Alvare highlighted the various effects which face surrogate mothers, including increased pregnancy risks, such as gestational diabetes, fetal growth restriction, pre-eclampsia, and premature birth.

Other studies have shown the significant emotional attachment that a surrogate mother has with the baby, making their pregnancy a “high-risk emotional experience,” according to researchers in the Iranian Journal of Reproductive Medicine.

Dr. Jennifer Lahl at the Center for Bioethics and Culture Network believes that surrogacy “is another form of the commodification of women’s bodies…and degrades a pregnancy to a service and a baby to a product.”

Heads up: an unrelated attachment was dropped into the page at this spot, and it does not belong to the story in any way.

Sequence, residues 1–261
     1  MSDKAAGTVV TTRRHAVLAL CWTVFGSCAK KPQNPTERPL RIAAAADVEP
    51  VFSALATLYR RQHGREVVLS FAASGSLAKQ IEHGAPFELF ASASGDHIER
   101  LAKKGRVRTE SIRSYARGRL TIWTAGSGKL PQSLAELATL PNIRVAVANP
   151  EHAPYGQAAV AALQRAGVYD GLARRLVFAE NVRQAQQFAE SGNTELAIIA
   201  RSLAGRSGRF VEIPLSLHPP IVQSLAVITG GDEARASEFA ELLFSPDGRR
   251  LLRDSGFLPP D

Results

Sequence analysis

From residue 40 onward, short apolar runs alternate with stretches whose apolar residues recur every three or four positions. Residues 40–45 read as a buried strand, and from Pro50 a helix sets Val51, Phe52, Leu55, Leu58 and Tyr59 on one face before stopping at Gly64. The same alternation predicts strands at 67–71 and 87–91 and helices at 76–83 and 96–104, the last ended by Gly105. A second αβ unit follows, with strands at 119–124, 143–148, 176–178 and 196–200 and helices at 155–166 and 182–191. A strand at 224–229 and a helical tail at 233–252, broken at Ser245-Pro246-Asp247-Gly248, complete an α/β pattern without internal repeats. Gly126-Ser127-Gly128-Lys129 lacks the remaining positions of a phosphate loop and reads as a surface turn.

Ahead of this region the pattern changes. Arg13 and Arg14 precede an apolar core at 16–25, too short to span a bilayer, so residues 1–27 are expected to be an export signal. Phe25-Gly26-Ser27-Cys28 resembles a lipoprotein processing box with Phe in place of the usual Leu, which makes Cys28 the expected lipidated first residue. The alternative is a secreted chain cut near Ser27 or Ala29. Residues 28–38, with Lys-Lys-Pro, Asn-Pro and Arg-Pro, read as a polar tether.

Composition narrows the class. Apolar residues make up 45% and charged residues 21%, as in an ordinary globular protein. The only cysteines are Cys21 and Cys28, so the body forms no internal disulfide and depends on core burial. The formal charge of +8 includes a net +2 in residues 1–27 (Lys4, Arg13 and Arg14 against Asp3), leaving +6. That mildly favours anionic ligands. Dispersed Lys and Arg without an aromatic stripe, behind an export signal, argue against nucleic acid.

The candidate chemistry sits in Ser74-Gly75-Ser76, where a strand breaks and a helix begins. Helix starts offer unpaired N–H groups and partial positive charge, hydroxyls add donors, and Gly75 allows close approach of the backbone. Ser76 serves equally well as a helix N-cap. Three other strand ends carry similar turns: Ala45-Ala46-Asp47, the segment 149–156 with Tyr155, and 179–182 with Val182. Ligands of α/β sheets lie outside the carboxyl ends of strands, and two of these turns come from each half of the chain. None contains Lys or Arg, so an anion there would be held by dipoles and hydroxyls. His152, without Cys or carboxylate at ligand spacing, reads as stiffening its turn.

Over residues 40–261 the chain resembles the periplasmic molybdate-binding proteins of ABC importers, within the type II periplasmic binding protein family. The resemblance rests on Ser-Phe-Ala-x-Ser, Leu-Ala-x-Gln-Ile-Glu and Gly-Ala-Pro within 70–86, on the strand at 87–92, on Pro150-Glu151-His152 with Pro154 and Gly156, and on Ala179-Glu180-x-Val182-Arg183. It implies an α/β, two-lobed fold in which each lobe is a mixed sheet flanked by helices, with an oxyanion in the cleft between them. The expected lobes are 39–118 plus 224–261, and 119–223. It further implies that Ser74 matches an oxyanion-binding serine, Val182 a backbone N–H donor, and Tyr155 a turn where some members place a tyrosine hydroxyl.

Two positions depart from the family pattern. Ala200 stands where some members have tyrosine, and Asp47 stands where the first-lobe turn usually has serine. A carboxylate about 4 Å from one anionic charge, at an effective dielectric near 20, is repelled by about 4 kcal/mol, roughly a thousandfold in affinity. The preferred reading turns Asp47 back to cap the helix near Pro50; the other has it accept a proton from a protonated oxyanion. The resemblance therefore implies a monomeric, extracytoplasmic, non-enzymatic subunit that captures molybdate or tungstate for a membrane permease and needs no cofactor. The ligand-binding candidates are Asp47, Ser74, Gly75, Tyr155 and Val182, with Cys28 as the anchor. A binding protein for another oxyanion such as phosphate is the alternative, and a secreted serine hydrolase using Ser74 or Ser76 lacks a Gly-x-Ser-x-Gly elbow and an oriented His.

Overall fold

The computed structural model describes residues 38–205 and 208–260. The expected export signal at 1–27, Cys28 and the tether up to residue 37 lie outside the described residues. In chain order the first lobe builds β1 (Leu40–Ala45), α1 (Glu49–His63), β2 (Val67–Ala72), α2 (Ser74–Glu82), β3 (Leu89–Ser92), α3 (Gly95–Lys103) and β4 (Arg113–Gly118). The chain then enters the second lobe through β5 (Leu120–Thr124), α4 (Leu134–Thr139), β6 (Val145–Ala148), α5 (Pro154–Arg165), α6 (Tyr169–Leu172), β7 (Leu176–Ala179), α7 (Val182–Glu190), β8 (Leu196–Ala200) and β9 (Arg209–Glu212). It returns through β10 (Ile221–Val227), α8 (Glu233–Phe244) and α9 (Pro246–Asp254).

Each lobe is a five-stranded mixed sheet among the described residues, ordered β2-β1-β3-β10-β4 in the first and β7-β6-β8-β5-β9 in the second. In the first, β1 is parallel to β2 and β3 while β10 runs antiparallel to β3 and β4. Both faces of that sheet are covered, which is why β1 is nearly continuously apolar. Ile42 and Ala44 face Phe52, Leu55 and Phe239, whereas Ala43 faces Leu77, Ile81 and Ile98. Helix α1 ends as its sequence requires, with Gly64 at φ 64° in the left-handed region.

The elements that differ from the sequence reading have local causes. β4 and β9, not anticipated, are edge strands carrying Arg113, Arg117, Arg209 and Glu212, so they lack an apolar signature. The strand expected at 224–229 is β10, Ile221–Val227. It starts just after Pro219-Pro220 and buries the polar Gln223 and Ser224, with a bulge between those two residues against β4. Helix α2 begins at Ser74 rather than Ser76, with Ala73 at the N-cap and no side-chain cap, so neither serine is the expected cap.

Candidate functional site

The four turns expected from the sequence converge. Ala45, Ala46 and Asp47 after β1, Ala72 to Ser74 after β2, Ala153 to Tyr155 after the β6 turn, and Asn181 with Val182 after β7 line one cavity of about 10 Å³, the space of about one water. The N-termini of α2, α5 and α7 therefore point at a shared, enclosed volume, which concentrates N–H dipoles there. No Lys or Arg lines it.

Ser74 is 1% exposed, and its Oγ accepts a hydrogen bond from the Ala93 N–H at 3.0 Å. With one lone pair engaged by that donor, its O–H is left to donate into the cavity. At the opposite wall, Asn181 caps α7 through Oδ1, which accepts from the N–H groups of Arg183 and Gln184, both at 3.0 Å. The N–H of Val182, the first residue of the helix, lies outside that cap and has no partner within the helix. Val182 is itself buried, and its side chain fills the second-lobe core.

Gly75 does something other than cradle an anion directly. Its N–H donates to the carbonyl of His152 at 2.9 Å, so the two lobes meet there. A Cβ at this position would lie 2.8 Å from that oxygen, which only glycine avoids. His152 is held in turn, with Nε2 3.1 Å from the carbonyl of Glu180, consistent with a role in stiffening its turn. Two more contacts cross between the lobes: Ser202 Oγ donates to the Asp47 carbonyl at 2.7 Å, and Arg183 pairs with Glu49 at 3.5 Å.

Abuses, including fraud and exploitation of poor women, as well as lawsuits, have also been commonly associated with the surrogacy process, leaving many to wonder why state supervision would be removed in the new UPA measure.

The Catholic Church taught about the moral problems with surrogacy in the 1987 instruction Donum vitae, in which the Congregation for the Doctrine of the Faith stated that surrogacy “represents an objective failure to meet the obligations of maternal love,” calling it a “detriment” to the family and the dignity of the human person by divorcing “physical, psychological and moral elements which constitutes those families.”

The United Nations also condemned surrogacy in 2015.

In an age of #MeToo, women take a ‘second look’ at the sexual revolution

Fri, 06/01/2018 - 18:43

Washington D.C., Jun 1, 2018 / 04:43 pm (CNA/EWTN News).- Fifty years after the sexual revolution promised female empowerment through casual sex “without consequences,” scholars are looking into the far-reaching social effects of that revolution.